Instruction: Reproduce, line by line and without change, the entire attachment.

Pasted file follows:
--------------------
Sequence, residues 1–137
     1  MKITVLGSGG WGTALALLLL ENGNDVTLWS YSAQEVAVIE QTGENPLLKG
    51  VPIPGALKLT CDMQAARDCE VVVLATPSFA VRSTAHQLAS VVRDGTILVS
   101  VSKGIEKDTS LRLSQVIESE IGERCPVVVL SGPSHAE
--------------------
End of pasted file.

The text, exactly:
Sequence, residues 1–137
     1  MKITVLGSGG WGTALALLLL ENGNDVTLWS YSAQEVAVIE QTGENPLLKG
    51  VPIPGALKLT CDMQAARDCE VVVLATPSFA VRSTAHQLAS VVRDGTILVS
   101  VSKGIEKDTS LRLSQVIESE IGERCPVVVL SGPSHAE